Daddy is proud of how disciplined, mature and quiet the kid is, the kid is journaling about anxiety, hating people and posting “fuck you my child is completely fine” tik-toks on Instagram. The 12-year-old who refused to eat green vegetables, woke up at nine instead of seven, is 19 today. They deal with vegetables; make you get up at 7. But, how do they or rather how can they, deal with the crippling anxiety, the desire to run away into the woods, how to deal with the ‘son’ who is putting she/them in their bio, how to deal with the daughter writing an article about their failed parenting.
There are different ways to deal with an infant, a teenager and an adult because their requirements, demands and vulnerabilities vary. Now, there are a million books, advice and resources available on how to deal with an infant considering none of us died because our parents forgot to feed us or something. This kind of expertise to know exactly what a kid needs, starts failing gradually in the teenage years when rebellion is all there is and the problematic kid rises. There are no words about puberty or mental health, none at all about sex or sexuality, because apparently, morality. Morality evolved; our parents are carrying the same burden. When one refuses to carry this burden forward and ‘rebels’, they are thrashed–like literally (physical abuse, yelling as a form of discipline and taking pride in the same is worthy of another article). They were not ‘taught’ about this, were never prepared, never grew past that parent of a 12-year-old.
But, parents care. Asking us to eat healthy, reminding us to clean rooms, wear socks and whatnot, but this kind of care fails to include the emotional support, advice and care that an adult requires. And of course, this doesn’t apply to every parent out there. I’m sure there are healthy filial relationships, where both sides are content. An adult is aware of their surroundings, they no longer need to be mollycoddled, but parents expect us to be those same children because essentially, they are the same parents.
Most of us can’t go to our parents with our issues past that teenage phase. It’s not “I need help for my homework” or, “the other kids in the bus didn’t save me a seat” anymore. It’s the pressure to excel now, continuous questioning of your worth, the uneasiness with your own identity, about the frequent bouts with mental illness. Parents don’t know how to handle this. They love us dearly, and nothing can match that level of sacrifice and devotion but trying to cheer us up with ice creams, or cooking our favourite meals doesn’t work anymore.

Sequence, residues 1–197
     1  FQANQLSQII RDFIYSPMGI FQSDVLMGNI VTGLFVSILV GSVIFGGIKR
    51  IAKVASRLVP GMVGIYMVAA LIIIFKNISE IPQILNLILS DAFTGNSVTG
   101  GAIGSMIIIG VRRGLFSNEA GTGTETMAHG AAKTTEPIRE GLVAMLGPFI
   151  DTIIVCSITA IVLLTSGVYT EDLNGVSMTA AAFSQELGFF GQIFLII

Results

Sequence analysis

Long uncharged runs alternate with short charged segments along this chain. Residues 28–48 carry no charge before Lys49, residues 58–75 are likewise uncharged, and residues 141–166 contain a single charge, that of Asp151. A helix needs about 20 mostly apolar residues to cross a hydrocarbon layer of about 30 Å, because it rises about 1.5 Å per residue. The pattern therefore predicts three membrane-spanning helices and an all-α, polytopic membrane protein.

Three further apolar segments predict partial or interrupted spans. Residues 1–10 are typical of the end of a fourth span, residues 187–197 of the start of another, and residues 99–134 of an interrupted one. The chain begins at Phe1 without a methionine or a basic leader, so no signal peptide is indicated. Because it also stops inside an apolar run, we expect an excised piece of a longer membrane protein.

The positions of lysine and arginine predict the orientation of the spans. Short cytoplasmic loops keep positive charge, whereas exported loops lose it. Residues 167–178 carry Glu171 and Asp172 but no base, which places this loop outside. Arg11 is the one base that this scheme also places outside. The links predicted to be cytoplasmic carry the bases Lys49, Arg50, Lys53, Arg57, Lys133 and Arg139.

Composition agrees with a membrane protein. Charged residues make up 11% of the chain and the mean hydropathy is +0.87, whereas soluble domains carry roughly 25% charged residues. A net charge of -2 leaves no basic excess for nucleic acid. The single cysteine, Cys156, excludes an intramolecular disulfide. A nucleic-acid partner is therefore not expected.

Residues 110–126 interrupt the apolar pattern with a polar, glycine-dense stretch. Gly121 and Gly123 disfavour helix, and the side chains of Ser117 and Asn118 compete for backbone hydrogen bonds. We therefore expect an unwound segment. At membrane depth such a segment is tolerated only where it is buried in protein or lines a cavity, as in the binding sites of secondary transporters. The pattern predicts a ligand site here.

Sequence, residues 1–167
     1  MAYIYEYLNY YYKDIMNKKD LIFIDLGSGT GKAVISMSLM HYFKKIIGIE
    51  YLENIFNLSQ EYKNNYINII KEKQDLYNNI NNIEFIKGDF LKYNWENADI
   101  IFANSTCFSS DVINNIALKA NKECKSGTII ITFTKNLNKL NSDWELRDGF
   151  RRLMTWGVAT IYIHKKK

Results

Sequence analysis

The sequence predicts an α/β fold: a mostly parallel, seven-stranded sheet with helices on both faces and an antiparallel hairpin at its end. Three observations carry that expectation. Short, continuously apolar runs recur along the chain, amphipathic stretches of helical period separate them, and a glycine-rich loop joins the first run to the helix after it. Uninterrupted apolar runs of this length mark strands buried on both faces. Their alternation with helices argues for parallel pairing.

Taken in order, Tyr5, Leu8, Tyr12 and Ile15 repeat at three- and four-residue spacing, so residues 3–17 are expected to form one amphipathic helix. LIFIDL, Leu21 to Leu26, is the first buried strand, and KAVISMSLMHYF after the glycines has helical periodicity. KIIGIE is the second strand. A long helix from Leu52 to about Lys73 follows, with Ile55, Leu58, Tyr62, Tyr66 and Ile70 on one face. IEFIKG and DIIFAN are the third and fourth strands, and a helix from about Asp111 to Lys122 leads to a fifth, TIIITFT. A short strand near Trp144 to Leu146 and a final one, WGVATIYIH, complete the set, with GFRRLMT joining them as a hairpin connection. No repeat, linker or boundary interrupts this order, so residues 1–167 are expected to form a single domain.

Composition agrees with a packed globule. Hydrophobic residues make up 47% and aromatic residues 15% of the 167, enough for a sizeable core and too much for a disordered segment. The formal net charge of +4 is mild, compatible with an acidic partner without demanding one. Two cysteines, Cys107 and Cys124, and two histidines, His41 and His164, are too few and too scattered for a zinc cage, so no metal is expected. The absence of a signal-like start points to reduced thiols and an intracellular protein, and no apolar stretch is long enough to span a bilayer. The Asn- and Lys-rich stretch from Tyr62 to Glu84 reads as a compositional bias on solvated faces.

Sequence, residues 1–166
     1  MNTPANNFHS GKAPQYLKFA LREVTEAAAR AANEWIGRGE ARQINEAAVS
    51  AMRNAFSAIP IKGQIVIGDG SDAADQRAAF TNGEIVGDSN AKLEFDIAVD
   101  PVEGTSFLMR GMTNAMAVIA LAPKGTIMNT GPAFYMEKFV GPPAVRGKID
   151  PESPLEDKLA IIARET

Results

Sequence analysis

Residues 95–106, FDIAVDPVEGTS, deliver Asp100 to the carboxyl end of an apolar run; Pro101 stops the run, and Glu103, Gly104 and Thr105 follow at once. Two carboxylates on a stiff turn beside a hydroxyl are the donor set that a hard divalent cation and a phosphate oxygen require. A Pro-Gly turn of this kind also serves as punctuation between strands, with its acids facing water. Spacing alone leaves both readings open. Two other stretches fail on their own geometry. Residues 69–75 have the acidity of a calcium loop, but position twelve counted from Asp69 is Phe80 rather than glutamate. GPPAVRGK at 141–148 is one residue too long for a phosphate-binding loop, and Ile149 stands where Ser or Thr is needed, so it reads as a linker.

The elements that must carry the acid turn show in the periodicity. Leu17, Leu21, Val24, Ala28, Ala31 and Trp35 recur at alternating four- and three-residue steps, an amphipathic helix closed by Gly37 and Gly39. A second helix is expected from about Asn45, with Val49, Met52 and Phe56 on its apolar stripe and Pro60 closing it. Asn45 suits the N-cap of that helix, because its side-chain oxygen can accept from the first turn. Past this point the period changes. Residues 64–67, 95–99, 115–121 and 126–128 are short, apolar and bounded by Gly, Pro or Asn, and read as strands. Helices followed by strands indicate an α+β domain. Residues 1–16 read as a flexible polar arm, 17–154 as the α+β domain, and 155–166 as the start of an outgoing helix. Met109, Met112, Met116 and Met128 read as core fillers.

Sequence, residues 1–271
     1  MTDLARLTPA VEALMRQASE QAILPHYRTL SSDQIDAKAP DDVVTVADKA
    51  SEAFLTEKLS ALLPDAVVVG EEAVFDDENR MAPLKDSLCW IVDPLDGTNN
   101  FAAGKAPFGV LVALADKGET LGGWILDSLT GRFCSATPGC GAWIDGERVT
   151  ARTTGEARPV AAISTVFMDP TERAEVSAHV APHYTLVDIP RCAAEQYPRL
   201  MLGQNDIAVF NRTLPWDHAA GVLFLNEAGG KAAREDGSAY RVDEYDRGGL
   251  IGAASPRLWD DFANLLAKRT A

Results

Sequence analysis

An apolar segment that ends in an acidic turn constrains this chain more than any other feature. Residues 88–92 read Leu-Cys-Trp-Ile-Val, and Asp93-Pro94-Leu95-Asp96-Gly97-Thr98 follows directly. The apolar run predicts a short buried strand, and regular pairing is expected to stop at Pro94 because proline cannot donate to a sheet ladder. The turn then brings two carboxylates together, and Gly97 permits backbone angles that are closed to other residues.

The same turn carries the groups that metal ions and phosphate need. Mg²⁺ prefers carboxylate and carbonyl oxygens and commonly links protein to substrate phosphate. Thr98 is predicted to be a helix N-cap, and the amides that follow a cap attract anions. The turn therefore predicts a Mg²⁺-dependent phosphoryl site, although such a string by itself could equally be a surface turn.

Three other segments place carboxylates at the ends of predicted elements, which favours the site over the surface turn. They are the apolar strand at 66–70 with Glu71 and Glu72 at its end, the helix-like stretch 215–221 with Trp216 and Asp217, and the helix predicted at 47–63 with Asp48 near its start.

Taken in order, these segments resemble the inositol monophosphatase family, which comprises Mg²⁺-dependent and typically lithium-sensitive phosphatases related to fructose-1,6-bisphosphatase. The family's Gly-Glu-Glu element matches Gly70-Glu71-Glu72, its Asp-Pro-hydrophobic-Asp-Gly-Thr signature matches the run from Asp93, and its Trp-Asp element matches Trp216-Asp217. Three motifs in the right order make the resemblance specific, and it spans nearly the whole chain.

Approaching parents regarding such issues is extremely difficult. They ridicule the problems, approach them with insensitivity, make you feel insignificant, making things awkward, they repeat, “hume pta hai, hum bade hai.” Lessons learned from such incidents dig the divide deeper and deeper until the relation is frayed completely and parents lose their relevance. They refuse to grow, refuse to adapt and move ahead and at this point what else can one do other than posting private stories and bonding with strangers over shared trauma.
Our parents have parents who failed at parenting and they passed it down to them, they also have their traumas and struggles whether they are conscious about them or not, which they pass on to us. Being aware of this chain when interacting with parents is necessary. Being aware that they stopped evolving a long time ago is necessary.
The realization that no middle ground could be built where our ways of receiving and reciprocating love meet, leads to the bridge between the two being broken. A certain sense of affiliation gets lost after this, a certain amount of affection falls into that abyss and who could’ve prevented it? Two truths stood facing each other on the ends of that bridge, neither ready to cross it and move with the other. It was the difference that was increasingly becoming difficult to exist with and who could say they didn’t see it coming.
This article has been written by Manvi Panwar, Ist year